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How and when to demand a higher salary from your boss


Salary, Wage, Employee Management, Jobs, Performance Management, Human Resources.

By Ireoluwa Bello,

For Oyemaja


Business, Advertising, Marketing, Entrepreneurship.
Oyemaja; How and when to demand a higher salary from your boss.

Negotiating a higher salary can be a daunting task that should be done with care. A fast fact in Investopedia says that “Most employers give their employees a raise after the first year and each year thereafter,” which proves that a salary raise is not out of reach; you only have to know the perfect way to ask. Also, according to Bankrate, 47% percent of workers are likely to ask for a raise at work in the next 12 months; this should boost your confidence that there is no novelty in asking for a raise. The question then is when, how, and most importantly, who should ask.


Needless to say, it is a dog-eat-dog world out there, and most companies without a fixed salary scale or promotion projection will require much bargaining to prove your worth and demand the increase you deserve.


Here are some tips to set you on the right path to more zeros on your pay slip:


1. Know your worth


Evaluate your workload and contribution to the company. Consider your experience, qualifications and unique skill set that set you apart in your industry. Research salary benchmarks, industry standards, and job market trends to gain a solid understanding of your value.

The point is to source for sufficient data and psychologically prepare yourself for your pitch. Arming yourself with facts will boost your confidence during the pitch and enlighten you about the opportunities around you. Better offers might be up for grabs, but you’d only need to find out.


2. Timing is everything


According to a survey conducted by Robert Half, 66% of employers believe the best time to discuss salary is during the annual performance review cycle. While this is reasonable, considering the focus on employee review and appreciation, it might be different for your company. In all, finding the perfect time to make such a request saves you the hassle of being shut down for not reading the room.


The right time will be determined but the trends you have noticed at your workplace. Some bosses are so thrilled by project completions that such moments become a window of opportunity for deploying research and facts in your favor. Another right time will be when the company is thriving financially or in a period of growth and expansion. Aside from these notable moments, a spontaneous ask might also favor your request; positive feedback from clients might be an excellent basis for initiating conversations on salary reviews or well-deserved promotions.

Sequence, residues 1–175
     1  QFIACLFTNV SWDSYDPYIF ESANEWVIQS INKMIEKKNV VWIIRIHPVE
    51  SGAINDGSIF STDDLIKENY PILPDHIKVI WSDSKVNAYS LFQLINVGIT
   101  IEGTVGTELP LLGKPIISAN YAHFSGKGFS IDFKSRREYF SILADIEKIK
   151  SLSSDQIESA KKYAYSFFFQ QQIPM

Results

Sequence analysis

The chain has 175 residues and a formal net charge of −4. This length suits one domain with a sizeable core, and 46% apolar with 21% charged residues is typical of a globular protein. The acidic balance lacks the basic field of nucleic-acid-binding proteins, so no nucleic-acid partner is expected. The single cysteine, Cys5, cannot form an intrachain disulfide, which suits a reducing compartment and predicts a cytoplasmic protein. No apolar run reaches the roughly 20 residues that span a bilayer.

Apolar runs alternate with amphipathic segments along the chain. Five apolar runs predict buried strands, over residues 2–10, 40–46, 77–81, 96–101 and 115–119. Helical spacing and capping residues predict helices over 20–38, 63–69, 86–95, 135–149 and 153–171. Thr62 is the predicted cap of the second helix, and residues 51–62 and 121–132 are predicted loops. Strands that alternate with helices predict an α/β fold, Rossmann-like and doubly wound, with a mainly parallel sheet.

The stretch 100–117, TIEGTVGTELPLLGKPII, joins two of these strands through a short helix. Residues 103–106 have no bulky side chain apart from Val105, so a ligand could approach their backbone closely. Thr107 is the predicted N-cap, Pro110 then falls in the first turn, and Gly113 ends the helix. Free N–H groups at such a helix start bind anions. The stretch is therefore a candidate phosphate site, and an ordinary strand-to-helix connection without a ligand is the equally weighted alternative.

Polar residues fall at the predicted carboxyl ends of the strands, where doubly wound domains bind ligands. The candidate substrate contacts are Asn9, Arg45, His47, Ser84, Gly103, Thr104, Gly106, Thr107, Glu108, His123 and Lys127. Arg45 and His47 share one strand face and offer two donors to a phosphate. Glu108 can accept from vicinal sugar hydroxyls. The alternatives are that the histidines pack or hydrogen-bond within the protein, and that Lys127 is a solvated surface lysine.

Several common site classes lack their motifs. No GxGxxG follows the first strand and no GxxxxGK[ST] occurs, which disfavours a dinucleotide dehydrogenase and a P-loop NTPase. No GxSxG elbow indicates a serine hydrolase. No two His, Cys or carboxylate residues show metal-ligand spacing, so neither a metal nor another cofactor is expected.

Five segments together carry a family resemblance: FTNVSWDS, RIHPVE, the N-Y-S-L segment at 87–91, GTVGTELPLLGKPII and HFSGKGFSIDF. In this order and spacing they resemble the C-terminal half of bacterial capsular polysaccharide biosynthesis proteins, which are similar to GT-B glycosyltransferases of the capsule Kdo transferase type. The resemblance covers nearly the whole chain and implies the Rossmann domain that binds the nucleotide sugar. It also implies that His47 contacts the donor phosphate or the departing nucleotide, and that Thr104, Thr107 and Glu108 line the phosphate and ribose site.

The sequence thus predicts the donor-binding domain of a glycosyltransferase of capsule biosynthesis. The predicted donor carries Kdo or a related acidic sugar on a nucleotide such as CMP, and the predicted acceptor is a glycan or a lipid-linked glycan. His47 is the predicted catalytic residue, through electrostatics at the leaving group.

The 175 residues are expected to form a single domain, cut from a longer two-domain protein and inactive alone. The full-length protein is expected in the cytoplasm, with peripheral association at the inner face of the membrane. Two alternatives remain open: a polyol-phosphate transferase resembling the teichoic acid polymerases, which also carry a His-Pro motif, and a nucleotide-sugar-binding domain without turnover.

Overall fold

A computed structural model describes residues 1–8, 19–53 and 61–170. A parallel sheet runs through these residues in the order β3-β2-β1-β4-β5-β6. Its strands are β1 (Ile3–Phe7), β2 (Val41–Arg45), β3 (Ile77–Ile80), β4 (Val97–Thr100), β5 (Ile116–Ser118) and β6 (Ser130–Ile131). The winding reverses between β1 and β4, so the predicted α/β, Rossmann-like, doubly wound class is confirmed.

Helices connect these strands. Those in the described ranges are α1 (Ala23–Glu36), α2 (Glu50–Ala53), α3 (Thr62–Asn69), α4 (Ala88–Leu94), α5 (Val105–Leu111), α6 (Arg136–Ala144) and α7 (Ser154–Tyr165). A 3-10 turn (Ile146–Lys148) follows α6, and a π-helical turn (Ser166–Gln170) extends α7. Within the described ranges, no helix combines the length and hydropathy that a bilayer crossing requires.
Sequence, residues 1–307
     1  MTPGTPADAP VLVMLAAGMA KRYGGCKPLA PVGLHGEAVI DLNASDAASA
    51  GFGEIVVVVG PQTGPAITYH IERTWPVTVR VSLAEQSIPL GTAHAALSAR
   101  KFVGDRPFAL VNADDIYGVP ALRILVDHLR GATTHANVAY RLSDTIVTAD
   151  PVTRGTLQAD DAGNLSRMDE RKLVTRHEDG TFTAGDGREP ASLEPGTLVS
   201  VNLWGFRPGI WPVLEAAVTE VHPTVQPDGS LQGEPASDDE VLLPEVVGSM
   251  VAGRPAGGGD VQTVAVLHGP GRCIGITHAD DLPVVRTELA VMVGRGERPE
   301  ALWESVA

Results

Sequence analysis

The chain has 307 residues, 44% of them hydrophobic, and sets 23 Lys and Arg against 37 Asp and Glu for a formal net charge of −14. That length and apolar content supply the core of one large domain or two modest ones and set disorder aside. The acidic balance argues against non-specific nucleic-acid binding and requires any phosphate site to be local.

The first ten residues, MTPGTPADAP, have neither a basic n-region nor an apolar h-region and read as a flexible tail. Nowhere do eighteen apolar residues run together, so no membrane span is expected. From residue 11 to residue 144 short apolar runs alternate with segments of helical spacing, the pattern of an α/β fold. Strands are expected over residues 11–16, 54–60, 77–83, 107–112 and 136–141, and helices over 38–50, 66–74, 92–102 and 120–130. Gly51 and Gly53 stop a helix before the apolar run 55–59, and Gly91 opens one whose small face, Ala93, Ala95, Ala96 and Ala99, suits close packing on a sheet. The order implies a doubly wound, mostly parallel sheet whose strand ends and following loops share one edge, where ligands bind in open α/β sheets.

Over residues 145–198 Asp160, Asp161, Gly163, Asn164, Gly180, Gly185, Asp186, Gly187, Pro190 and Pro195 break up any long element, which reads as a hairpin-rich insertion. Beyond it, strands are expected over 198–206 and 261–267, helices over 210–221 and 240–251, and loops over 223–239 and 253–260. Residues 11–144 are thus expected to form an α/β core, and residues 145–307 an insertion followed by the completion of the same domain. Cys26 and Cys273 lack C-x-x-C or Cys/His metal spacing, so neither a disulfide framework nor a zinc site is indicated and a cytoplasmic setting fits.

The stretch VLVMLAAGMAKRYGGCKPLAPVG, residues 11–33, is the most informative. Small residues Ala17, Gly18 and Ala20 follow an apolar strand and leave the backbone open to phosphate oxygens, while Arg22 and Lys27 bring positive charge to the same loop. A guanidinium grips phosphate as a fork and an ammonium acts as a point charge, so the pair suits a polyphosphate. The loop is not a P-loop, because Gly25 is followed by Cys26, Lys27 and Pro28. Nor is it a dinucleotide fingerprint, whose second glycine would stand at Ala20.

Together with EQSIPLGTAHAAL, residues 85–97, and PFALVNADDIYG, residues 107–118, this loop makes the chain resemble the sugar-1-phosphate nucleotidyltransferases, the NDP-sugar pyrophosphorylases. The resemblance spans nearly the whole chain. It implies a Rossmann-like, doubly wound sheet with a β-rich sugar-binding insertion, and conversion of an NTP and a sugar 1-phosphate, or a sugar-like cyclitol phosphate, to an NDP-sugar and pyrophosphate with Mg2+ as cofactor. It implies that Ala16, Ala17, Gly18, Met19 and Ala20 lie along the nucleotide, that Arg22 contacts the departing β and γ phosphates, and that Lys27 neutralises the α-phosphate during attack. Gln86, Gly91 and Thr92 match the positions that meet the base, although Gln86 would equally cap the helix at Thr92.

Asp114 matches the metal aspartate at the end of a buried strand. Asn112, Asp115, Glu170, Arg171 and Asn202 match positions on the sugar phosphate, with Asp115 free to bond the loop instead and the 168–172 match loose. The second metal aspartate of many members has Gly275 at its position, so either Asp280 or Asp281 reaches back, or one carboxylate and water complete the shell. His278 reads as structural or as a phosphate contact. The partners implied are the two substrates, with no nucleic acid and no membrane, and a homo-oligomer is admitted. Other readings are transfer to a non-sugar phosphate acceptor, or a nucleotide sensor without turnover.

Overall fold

3. Put your house in order


Being flawless might seem impossible, but you can create a cap for the blunders. Avoid a long list of abandoned or failed projects on your portfolio, and create an image of the person that deserves the raise in yourself.

Putting your house in order also means the preparation of a mic-dropping presentation. If possible, have a PowerPoint presentation handy. A survey conducted by PayScale revealed that employees who prepare and bring data to salary negotiations are 30% more likely to receive the desired salary. In summary, let the numbers speak.

This is also an excellent time to mention competition offers and your confidence in securing a new position where your salary expectation might be met. You must note that this last card move can only be played when you have rightly valued your worth and are prepared for the consequences.


4. Speak like a pro


Journal of Applied Psychology asserts that employees who negotiated assertively and confidently achieved better salary outcomes. Bury the thought that you will not need to speak up to get your desired raise. Speak and speak well. Approach the conversation with confidence, maintaining a professional and respectful tone. Clearly articulate your points, emphasize your accomplishments, growth, and value to the company. Practice active listening, allowing your boss to express their perspective and concerns. Respond thoughtfully and address objections by offering solutions or additional evidence to support your case.


Remember that the goal is to walk out of the conversation with more money on your pay slip. Don’t back out without a good, articulate and professional fight.


5. Settle


While a salary-increase or promotion is crucial, consider a backup compensation package plan. In the event that the company, for any reason, cannot fulfill the request, be ready to negotiate. Think beyond numbers and present a well-rounded proposal encompassing financial and non-financial aspects. The compensation package can range from flexible work hours to remote work, whatever helps your career growth. This way, you wouldn’t put your boss on the spot but create an environment for fruitful relationship.




Negotiating a higher salary requires a combination of self-assessment, timing, preparation, market knowledge, effective communication, and a holistic approach to compensation. These skills can only be acquired with a record of competence and diligence. But nothing stops you from making that request if you have done your due diligence.


Remember, advocating for your worth is crucial in your professional journey and career development. With the right approach, you can unleash your value and achieve the salary you truly deserve.


Also, the demand does not have to happen now; go back to the drawing board, do adequate research, and be sure it is a step in the right direction.






Oyemaja Executives

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